A market analysis is one of the most important elements in the promotion of a business strategy and assesses the prospects as a whole.
This process covers the learning of consumer demand, competition, opportunities and threats present in your chosen field of activity, taking into account economic, cultural, political, geographical and other external factors. Knowing how to do a market analysis, you can understand how to build and grow your business, attract investments and minimize risks.
What is a market analysis?
A market analysis is an important element for any company but is especially needed when you launch a new product or service on the market.
You can do it in completely different ways:
- Someone just looks at competitors’ websites and uses their bells and whistles.
- Others look for reports in the public domain and analyze them.
- Others conduct a comprehensive analysis of competitors regularly. If you are one of them, congratulations!
Every other manager speaks about the analysis of the competitive landscape, but only one in every ten does it.
A comparative market analysis is the process of the acquisition of knowledge the following:
- Who are your potential clients?
- What are their buying and shopping manners?
- How many of them are there?
- How much will they pay?
- Who is my competition?
- What have their challenges and successes been?
We live in a closed market environment and observe how our competitors are developing, what they use to retain customers, and how it affects us and our successful future.
Therefore, it’s important to understand:
- Who is your rival in the fight for the client?
- What strategy does your competitor use?
- What part of the market is your company?
- What part of the market are your competitors?
- What is their unique selling proposition?
- Which way is better to go to earn more money?
Given the foregoing, a comparative analysis allows you to make more money and keep your niche on the market.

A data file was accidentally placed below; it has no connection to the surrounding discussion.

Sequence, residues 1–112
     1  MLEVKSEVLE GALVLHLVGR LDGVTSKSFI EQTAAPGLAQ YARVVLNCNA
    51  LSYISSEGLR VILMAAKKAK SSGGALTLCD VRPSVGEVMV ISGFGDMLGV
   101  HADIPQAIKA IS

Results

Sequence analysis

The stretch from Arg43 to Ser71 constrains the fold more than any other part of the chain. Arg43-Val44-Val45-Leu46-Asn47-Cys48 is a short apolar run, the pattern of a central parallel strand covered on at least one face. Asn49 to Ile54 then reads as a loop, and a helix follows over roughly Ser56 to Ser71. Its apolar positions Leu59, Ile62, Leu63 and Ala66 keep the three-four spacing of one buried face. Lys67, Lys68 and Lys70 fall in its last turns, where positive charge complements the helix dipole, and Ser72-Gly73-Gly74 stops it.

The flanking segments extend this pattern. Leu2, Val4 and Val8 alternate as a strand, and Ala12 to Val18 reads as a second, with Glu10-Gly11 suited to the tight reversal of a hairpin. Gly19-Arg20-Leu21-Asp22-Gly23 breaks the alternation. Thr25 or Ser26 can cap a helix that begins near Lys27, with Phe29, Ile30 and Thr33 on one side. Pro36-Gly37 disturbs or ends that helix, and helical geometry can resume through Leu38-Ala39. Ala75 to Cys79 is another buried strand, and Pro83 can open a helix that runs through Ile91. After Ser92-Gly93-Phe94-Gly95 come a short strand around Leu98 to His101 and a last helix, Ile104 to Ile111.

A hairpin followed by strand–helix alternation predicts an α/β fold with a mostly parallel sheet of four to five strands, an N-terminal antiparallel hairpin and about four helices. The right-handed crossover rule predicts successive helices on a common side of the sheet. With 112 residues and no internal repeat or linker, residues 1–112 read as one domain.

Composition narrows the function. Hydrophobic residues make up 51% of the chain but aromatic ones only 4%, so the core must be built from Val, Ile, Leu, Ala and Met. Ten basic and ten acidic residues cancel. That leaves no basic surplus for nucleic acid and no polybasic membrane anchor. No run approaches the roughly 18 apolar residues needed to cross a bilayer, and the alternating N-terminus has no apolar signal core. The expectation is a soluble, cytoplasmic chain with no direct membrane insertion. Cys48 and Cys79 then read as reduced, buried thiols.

How to do a comparative market analysis?
So, the first thing you will do: explore the market, which is in the zone of your interests, and describe each of its components.
- Who is your client?
- What does he do to meet the needs?
- What alternatives does your client have?
The first step is to learn as much as possible about the potential customer. You can turn to market research. It is important to find out in what places he happens, what the size of his income is, what kind of people he contacts, what technologies he uses and what information source he trusts. When you understand who your customer is, you can evaluate the audience.
An additional tool is a content analysis of user messages on social networks and their profiling on the sociological, economic, psychological grounds.
- How many of your potential customers are on the market?
- Who is our opponent in the fight for the client?
- Where to get market information?
Using the model of segmentation, targeting and positioning, evaluate the size of the target, potential, affordable, and reachable audience.
There are many instruments you can use:
- TNS WebIndex
- Liveinternet Rating
Thanks to these tools you can understand the business direction and determine your market size.
When you are analyzing advertising channels, you need to understand;
- What channels do your competitors use to advertise?
- What target audience do your competitors attract?